was born in 1947, and was raised in Brockton, MA. He cites as musical
influences the folk music revival of the 1960's, the civil rights movement
and the Vietnam War era.
Karen Brandow has been performing with Charlie King since 1998. While doing
human rights work in Guatemala from 1986-1994, Karen studied voice,
performance and classical guitar. She performed at political and cultural
events in that country as a soloist and was a founding member of the a
cappella singing group, the Non-Traditional Imports. Karen was born in 1954
in Philadelphia, PA. She began singing and playing guitar as a teenager.
While living in Central America, she broadened her repertoire to include
Latin American music of the "Nueva Canción" or New Song Movement. She
performs songs in English and Spanish.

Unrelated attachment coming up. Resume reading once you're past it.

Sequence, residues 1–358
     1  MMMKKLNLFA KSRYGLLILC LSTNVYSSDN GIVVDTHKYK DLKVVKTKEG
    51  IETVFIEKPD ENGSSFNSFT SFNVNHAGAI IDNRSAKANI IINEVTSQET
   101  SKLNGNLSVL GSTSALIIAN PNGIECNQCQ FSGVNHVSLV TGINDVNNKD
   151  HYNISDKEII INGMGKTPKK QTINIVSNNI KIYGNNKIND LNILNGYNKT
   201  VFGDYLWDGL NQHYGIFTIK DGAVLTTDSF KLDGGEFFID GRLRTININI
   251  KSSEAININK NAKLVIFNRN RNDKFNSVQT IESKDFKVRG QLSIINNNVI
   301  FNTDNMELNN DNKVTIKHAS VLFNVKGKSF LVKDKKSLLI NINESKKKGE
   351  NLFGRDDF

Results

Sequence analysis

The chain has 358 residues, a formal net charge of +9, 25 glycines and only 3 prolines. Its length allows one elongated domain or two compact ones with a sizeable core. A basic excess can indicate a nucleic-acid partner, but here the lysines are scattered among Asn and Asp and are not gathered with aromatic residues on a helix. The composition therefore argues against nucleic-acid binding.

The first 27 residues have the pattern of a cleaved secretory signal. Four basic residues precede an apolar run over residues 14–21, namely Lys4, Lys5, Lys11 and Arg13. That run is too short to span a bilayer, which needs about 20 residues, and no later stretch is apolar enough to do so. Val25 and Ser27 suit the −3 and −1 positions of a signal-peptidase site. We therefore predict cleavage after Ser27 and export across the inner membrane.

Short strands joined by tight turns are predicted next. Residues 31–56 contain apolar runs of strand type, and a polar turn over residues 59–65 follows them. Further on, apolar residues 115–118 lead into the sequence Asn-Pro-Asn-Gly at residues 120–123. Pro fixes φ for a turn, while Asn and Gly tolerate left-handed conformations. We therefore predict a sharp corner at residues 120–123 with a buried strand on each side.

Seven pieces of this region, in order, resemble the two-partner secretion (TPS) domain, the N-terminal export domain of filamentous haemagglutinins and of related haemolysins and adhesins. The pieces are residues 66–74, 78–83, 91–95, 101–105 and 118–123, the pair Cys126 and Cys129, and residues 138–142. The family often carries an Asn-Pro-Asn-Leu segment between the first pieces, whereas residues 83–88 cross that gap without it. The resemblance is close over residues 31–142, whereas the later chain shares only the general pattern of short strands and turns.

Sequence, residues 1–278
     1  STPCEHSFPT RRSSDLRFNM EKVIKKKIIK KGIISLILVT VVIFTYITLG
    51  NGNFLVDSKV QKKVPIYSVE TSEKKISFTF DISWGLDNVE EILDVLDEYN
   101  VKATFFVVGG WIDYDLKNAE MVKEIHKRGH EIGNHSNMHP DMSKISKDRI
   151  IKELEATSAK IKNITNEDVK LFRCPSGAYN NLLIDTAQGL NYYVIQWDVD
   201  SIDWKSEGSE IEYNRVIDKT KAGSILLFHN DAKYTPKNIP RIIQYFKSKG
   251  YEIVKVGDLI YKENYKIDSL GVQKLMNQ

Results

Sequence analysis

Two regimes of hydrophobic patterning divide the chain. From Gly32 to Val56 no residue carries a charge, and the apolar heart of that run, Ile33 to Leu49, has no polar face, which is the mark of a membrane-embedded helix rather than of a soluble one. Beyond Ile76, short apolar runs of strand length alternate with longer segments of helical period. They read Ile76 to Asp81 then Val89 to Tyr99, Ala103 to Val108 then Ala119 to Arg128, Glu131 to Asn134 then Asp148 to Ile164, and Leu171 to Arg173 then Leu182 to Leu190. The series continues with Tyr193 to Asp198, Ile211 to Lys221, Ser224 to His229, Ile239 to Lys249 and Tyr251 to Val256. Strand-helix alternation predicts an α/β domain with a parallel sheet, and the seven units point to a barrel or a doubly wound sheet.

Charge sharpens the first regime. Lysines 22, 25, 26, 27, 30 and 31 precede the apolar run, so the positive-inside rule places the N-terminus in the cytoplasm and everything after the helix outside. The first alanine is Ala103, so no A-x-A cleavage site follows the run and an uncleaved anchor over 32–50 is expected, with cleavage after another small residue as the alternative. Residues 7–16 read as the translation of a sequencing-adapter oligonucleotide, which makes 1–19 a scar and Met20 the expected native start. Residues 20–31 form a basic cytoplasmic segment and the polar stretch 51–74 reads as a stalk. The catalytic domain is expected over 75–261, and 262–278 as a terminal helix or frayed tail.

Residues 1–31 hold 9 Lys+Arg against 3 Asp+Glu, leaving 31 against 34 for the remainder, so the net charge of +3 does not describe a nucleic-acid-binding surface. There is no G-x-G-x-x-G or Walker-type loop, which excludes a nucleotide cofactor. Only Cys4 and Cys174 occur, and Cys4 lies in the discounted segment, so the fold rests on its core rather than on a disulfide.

What other's have said about Charlie and Karen
"Charlie is one of the finest singers and songwriters of our time." ~ Pete
"Two voices that complement each other beautifully & instrumentation that is
spare, acoustic & just right"
Victory Music Review ~
"If we had more Charlie Kings in the world I'd be less worried," ~ Peggy
"Karen's soft and simultaneously strong voice has the fluid sound of a
Latina.their harmony singing is a thing of rare beauty." - The Folknik,
"Exactly what a folk music recording should be: songs that make you think,
laugh, weep and dance."
Matt Watroba, Folk DJ WDET, Detroit MI. ~
"The music was nothing short of fantastic.If you have not done so yet, you
must see these artists on stage."
Activist San Diego concert Review ~
"I am so very excited and honored to have Charlie King and Karen Brandow
singing at our house this coming May 7th. Their music is very special.
Hearing them is something I recommend to all of my friends". ~ Frank Dorrel